ClickCease Fort Lauderdale Federal Defense Attorney | (954) 723-0007
Federal Cases Defended

Fort Lauderdale Federal Defense Attorney

Fort Lauderdale
Federal Defense Lawyer

Federal criminal attorney with 35+ years of experience

Many people who are arrested and charged with a federal crime don’t immediately understand the severity of the charges they face. They’re not aware that many of these crimes could mean more severe penalties versus charges at the state level, and they’re often shocked to find out how quickly the math adds up. Just a few charges – or multiple counts of a single charge – could mean decades in prison. If you are facing federal criminal charges or even suspect that charges might be brought, immediately consult with a federal defense attorney in Fort Lauderdale to best ensure that your rights are protected from the get-go.



Client charged with importing of two tons of cocaine on a freighter sailing into Miami.


Client was one of four charged with committing crimes as part of a gang.


Client was charged with Trafficking Oxycodone. Probation was negotiated, violated twice, and negotiated again each time.

Sex Crime

Client was charged with soliciting a Minor via the Internet for Sex in Daytona Beach.

What’s your best legal option?

If you’re facing federal criminal charges, do not leave your fate in the hands of a public defender who has a stack of case files on his desk and is already over-extended coming in. When your freedom’s on the line, you need someone who will fight for you every step of the way. You need personal, dedicated representation from an experienced Fort Lauderdale federal lawyer who has successfully defended more than 1,100 federal cases over more than three decades. Representing clients in Fort Lauderdale, Florida, Joffe Law, P.A. will work tirelessly to bolster your defense and ensure that you are treated fairly and in accordance with the law. You have rights, and we work vigorously to defend them.

When does it become a federal criminal charge?

Federal crimes are offenses that are expressly prohibited under federal law. They may occur on federal property, or involve people or property that is transported across state lines, overlapping state jurisdictions.

While the Fifth Amendment prohibits “double jeopardy,” the clause does not refer to cases that involve crimes that are recognized as offenses by both federal and state law. Therefore, it is possible for a defendant to be acquitted of a crime in state court, but later convicted in a federal court. Crimes are investigated by the FBI or, in some cases, other regulatory agencies. They are prosecuted by the U.S. Attorney’s Office, and defendants appear before federal judges in Broward County U.S. District Court.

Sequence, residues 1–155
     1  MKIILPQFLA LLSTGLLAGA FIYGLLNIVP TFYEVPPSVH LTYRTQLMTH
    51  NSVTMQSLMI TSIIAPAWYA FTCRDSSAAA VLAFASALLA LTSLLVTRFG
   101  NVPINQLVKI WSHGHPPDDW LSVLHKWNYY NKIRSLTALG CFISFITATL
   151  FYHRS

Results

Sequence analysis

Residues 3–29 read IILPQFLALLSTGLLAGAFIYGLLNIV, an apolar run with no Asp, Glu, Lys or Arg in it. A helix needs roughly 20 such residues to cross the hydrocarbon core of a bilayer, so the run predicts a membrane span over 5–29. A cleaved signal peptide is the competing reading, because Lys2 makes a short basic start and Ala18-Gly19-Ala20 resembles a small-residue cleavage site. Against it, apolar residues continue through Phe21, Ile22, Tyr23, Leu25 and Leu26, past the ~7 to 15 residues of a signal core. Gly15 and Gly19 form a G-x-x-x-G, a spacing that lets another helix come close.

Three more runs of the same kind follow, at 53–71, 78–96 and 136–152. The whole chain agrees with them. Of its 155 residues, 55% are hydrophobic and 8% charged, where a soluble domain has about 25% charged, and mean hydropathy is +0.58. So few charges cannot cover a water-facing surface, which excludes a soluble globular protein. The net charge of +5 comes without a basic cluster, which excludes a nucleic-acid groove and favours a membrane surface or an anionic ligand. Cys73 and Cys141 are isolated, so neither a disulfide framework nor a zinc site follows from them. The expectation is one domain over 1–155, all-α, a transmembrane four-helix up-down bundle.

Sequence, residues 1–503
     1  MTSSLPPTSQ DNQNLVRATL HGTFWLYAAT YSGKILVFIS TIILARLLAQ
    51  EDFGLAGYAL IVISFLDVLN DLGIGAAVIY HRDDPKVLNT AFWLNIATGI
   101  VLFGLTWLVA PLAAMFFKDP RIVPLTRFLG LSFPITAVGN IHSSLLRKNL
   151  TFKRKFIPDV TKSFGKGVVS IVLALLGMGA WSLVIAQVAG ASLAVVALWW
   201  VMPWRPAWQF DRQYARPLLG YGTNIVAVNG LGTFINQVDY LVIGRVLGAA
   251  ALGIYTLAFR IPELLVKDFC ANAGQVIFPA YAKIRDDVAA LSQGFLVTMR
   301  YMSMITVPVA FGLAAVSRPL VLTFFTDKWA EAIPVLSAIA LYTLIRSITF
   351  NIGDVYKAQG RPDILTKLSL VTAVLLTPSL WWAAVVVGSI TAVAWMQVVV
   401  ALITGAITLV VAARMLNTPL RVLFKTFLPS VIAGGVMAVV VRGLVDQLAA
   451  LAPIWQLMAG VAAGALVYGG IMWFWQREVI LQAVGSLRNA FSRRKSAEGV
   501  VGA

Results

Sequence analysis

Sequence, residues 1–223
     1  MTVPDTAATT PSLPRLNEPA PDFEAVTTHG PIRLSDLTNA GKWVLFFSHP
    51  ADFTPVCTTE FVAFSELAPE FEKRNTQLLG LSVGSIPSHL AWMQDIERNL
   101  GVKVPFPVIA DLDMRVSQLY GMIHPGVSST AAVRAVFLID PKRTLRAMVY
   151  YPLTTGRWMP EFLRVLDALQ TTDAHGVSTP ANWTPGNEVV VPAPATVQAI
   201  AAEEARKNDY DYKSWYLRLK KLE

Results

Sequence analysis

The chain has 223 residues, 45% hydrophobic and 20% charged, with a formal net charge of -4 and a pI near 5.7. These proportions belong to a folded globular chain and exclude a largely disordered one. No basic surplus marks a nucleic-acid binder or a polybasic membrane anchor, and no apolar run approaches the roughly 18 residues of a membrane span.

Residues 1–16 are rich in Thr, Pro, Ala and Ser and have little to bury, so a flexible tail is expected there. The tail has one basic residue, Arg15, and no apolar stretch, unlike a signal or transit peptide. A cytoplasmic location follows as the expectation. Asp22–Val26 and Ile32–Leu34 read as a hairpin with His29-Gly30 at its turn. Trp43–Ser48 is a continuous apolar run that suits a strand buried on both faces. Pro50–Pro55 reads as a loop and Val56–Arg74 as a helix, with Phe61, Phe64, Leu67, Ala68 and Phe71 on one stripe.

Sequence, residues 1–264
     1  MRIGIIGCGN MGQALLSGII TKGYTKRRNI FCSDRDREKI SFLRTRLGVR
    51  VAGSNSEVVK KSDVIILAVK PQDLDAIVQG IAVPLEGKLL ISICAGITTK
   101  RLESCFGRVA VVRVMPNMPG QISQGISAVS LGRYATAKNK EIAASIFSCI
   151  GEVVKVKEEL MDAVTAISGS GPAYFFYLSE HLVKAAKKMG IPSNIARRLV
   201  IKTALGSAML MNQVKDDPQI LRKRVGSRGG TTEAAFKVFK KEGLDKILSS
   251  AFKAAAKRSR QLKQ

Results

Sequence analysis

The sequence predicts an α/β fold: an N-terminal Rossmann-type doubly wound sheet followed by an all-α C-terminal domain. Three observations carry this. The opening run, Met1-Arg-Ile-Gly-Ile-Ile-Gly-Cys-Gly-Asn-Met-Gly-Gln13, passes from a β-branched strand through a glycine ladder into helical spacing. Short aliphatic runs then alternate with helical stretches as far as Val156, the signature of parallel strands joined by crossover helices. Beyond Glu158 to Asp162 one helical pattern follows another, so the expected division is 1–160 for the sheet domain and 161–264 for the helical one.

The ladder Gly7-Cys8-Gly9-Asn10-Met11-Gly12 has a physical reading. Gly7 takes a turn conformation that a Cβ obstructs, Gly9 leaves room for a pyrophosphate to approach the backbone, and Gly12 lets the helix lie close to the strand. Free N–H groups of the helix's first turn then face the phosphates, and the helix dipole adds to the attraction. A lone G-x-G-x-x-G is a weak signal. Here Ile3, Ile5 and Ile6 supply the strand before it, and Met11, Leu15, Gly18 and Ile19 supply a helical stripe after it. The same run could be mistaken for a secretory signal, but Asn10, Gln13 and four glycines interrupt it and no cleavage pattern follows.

Why Federal Charges Are So Serious

For most people who are arrested on federal charges, the race to find an experienced Fort Lauderdale federal criminal attorney begins quickly. While it is important to have the help of a federal criminal defense lawyer after being taken into police custody, in many cases, there are even earlier opportunities to get a lawyer involved, to avoid potential damage to  your reputation, personal life and career. By the time an arrest is made, law enforcement agencies have typically worked many hours and likely days to determine whether they will arrest someone in relation to a crime they are investigating. This is especially true of federal crimes.

Hiring a federal attorney as early as possible can pay off later if the individual is eventually required to face charges in court. State and federal statutes often overlap; therefore, knowing the difference between state and federal crimes is essential. Anyone who believes he or she may be suspected of a crime should contact a federal defense lawyer  in Fort Lauderdale to learn more about the nature of the potential charges and to determine the best way to proceed.


Federal Cases Handled

Our attorneys fight for your rights throughout the U.S.


Years Being AV Rated

Mr. Joffe is recognized as a top attorney by his peers.


Years of Experience

When your freedom is on the line, experience becomes critical.



Defending Fort Lauderdale, Florida

Google Reviews
Federal Crimes We Defend

White Collar Crime




Sex Crimes


Drug Crimes


Alien Smuggling


Internet Crimes

Types of cases our federal criminal defense lawyers handle

White collar crime

A phrase that is believed to have been coined in the 1930s, “white collar crime” refers to offenses that are mostly committed by business and government professionals. These crimes are non-violent in nature, and the motivation is financial gain. Most federal white collar crimes fall under the following categories: